Alphabet Inc.’s Waymo unit on Tuesday became the first company to receive a permit from the state of California to test driverless vehicles without a backup driver in the front seat, the state’s Department of Motor Vehicles said.

California said Waymo can use about three dozen test vehicles without drivers behind the wheel in Santa Clara County. About 60 companies have permits in the state to test self-driving cars with a backup driver, including most major automakers and Apple Inc. As part of winning approval, Waymo must continuously monitor the status of test vehicles, provide two-way communication with passengers, carry at least $5 million in insurance and notify local communities.

Waymo’s permit includes day and night testing on city streets, rural roads and highways with posted speed limits of up to 65 miles per hour. The company said its vehicles can safely handle fog and light rain, and testing in those conditions is allowed.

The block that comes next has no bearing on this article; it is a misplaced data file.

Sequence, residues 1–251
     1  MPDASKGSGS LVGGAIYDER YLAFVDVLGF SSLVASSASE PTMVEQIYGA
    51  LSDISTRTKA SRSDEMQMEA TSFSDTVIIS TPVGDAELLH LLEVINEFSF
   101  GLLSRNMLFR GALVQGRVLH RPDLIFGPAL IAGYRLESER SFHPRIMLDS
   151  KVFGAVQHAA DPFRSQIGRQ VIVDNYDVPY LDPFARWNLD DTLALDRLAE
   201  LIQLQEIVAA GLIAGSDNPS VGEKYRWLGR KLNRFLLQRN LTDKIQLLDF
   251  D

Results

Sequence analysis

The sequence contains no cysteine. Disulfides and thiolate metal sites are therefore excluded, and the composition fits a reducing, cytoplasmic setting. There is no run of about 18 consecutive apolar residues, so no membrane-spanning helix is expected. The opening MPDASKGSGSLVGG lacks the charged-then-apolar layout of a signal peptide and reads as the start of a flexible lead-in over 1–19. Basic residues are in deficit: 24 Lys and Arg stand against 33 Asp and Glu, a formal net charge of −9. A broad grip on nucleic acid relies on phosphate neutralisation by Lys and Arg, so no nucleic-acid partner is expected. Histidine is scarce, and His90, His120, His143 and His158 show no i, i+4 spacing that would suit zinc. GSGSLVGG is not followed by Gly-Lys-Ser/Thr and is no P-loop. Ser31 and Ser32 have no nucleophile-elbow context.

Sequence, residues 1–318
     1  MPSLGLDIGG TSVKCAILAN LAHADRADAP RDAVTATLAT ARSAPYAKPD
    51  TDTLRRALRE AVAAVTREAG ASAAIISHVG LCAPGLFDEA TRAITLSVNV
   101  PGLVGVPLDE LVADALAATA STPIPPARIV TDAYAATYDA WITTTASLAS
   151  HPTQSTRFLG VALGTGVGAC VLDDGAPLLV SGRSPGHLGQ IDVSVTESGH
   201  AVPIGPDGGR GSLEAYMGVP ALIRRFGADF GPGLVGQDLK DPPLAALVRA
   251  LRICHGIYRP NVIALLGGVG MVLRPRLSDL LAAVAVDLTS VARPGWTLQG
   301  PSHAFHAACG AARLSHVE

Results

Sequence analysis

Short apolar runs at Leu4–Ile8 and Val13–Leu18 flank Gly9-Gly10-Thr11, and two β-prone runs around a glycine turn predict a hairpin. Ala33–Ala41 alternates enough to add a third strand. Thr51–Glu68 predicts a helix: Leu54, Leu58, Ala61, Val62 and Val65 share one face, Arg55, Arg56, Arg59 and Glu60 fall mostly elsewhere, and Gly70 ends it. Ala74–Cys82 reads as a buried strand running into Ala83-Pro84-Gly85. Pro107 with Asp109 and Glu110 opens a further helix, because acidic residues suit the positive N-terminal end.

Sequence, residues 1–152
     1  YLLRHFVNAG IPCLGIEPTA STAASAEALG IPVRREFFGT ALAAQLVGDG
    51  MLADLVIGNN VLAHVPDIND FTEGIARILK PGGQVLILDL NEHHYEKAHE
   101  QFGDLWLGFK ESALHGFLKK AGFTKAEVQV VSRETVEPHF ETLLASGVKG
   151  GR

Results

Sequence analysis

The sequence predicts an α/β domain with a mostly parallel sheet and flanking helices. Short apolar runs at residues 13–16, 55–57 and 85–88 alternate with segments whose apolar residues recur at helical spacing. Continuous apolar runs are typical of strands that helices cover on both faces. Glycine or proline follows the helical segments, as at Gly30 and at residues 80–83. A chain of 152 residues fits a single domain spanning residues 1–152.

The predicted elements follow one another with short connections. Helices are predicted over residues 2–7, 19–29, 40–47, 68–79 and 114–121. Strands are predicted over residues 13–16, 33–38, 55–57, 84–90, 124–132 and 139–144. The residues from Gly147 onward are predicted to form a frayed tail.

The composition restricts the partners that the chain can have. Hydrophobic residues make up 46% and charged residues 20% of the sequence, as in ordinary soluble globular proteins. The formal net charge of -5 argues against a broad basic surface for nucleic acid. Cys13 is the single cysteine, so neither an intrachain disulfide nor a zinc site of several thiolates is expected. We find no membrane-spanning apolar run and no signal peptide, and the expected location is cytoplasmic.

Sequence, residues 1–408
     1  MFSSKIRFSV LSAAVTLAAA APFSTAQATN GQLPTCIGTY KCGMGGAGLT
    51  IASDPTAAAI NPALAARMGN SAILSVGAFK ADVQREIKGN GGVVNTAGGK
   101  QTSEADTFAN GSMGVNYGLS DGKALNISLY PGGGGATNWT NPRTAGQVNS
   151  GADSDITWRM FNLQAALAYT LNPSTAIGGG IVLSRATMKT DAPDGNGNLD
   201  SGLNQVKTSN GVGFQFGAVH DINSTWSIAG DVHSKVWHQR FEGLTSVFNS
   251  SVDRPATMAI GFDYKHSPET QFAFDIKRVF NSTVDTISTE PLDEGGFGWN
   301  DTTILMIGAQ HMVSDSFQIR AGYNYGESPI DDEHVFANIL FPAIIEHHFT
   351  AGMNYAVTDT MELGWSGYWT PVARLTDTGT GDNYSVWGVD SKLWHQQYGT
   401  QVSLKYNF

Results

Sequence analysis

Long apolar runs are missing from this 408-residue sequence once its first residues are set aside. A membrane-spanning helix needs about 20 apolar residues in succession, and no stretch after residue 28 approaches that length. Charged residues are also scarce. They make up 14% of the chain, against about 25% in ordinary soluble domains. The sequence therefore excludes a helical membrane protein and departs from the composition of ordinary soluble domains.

“California has been working toward this milestone for several years, and we will continue to keep the public’s safety in mind as this technology evolves,” said Jean Shiomoto, director of California’s Department of Motor Vehicles, in a statement.

The company said it will begin driverless testing on city streets in Silicon Valley and expand to other areas after it notifies local communities. The company will begin tests with Waymo employees and eventually “create opportunities for members of the public to experience this technology, as we’ve done in Arizona with our early rider program.”

In Arizona, Waymo has been conducting some testing of vehicles without backup drivers and has said it plans to launch a commercial self-driving ride hailing service in the state by the end of 2018.

Topics California Personal Auto Oklahoma